While the crumbling third-party cookie – combined with privacy-centric gatekeeping policies imposed by the likes of Apple, Facebook and Google – diminishes advertisers’ ability to reach target audiences across the digital ecosystem, the connected television (CTV) space has a valuable opportunity to evolve to meet advertisers’ needs. John Hamilton, founder and chief executive officer at TVDataNow, spells out why marketers should be investing in CTV today.
The widespread shift toward data privacy-centric policies in the tech space has left advertisers at a loss. However, with viewership numbers rising, measurement improving and a proliferation of major platforms in the space, the burgeoning world of CTV is the next frontier for effective advertising.
Tech players muddle marketers’ MO
The cookie-apocalypse has only been delayed, not canceled. Google’s long-awaited announcement that it will phase out third-party cookies from Chrome was the final nail in the coffin of the data-sharing environment that drove an explosion in digital media.
Google is, in fact, way behind the competition. Apple banned third-party cookies from Safari in 2020 and Mozilla has made privacy the defining trait of its Firefox browser.
Recent consumer requests for better data protection has made abundantly clear how unpopular cookies were to the public once consumers were made aware of them. And the proliferation of companies building data-rich profiles of individual consumers without their knowledge or consent meant this advertising building block was always on borrowed time. Once advocacy groups and the government started getting involved, Google pre-empted them.
While friendly media has positioned the move as a privacy decision, for Google it is a business decision. Eliminating cookies enables Google to better control the data collected on its platforms for its own betterment – and it creates the potential for other tolls it could enforce on its browser highway.
This much is true: the elimination of third-party cookies will drastically change how advertisers target and measure the performance of core digital and make it difficult to justify investments in core digital channels.
Meanwhile, Facebook, another major digital player, has for years held advertisers hostage by claiming a huge audience. By misstating video view statistics, routinely altering policies on a whim and cutting off Facebook pages’ ability to reach their entire audience without paying to boost a post, Facebook has consistently changed the rules of the game – to the advertiser’s detriment.
Advertisers are waking up to the fact that Google, Facebook, Apple and Amazon are dominating the digital media space while investing less in supporting advertiser success. Performance marketers would be wise to look to new horizons for their advertising spend. Fortunately, there is an emerging and underinvested medium: connected television (CTV).
Capitalizing on captive audiences
While the pandemic rendered most people homebound, thereby driving up digital, perhaps no medium benefited more than CTV. Many consumers used their disposable income on a new TV purchase, which was nearly certain to include some software enabling easy access to CTV publishers. According to The NPD Group, purchases of TVs 65 inches and larger were up 53% over the first half of 2020.
And what did consumers do with those brand new TVs? Stream content. According to recent research by CTV player SpotX, the average time spent streaming content on CTV per day in 2020 was three hours – up almost 40% from the daily rate in 2018. Meanwhile, consumption of live TV viewership has decreased.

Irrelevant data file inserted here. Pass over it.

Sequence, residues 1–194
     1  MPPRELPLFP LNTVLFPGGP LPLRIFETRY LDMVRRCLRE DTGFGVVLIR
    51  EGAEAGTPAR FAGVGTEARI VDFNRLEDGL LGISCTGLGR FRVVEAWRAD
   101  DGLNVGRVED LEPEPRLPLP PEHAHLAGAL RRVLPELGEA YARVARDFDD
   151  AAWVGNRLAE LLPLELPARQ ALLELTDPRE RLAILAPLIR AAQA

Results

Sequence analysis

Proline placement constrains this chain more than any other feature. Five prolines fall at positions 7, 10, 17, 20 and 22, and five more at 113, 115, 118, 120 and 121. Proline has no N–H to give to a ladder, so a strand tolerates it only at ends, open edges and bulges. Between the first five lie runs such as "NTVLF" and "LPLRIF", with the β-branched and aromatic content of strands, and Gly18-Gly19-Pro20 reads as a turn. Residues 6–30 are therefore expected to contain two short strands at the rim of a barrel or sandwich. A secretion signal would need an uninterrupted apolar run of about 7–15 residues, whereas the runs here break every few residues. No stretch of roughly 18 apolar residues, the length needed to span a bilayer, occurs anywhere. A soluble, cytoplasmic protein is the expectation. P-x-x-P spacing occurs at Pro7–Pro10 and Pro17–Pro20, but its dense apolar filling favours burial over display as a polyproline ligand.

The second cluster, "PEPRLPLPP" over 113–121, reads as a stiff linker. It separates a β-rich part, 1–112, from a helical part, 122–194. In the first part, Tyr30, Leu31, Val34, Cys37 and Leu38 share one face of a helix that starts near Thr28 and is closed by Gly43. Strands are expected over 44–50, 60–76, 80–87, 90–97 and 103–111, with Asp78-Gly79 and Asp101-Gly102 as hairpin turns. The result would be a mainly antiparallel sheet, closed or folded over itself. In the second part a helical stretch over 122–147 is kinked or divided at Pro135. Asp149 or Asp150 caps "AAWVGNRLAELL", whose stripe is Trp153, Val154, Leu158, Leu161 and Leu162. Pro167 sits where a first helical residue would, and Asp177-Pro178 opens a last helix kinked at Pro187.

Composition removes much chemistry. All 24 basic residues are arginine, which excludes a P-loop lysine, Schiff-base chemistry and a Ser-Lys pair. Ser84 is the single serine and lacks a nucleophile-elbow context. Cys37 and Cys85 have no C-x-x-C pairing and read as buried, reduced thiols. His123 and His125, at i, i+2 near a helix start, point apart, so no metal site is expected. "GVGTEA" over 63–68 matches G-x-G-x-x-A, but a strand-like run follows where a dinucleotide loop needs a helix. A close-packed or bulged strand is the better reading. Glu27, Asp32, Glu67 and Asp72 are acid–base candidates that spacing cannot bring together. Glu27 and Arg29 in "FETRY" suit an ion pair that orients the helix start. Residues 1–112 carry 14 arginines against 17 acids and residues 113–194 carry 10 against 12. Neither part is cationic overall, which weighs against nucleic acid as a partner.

In addition to premium streaming apps such as HBO Max, Disney+, and Apple+, there are a host of ad-supported free providers including Pluto (with 40 million monthly active users [MAU]), Tubi (with 45 million MAU) and STIRR, some of which are owned by major cable companies or movie studios. And of course there is Hulu, a constellation of content providers now owned by Disney, which offers both ad-supported and premium tiers.
The sheer volume of providers means the CTV landscape and ecosystem is incredibly fragmented – and this fragmentation will only increase as other players both small and large enter the marketplace.
Why is this exciting to performance marketers? Well, for one, CTV publishers and platforms welcome the use of third-party cookies and other technologies that balance privacy with optimal targeting and tracking.
Second, CTV has a captive audience. CTV is a ‘lean-back environment’ where the consumer is passively consuming the content in front of them and thereby actually consuming the ads as they come onscreen. Whereas digital media has never been able to exactly pinpoint if someone is actively watching a pre-roll ad, CTV has some ways to more accurately do so. If someone is skipping an ad, they’re still seeing it and it’s definitive proof they are there and engaged.
And yet CTV is currently poorly optimized for advertisers. As cross-device trackability increases, it will be able to show real ROI (for example, we can easily determine someone is watching a program where they are shown an ad for product X; then we will be able to track that they order it from the phone, tablet or computer).
The ROI will only improve. In short, CTV may become more measurable than core digital, which will bring more players into the space. Companies will straddle publishers and platforms, including so called ‘walled-gardens’, to provide analytics, guidance, optimization and targeting recommendations.
Now is the time for performance marketers to launch and test in CTV, before the rest of the marketplace gets wise to this emerging opportunity. Digital advertising’s headwinds are CTV’s tailwinds.
John Hamilton is founder and chief executive officer at TVDataNow.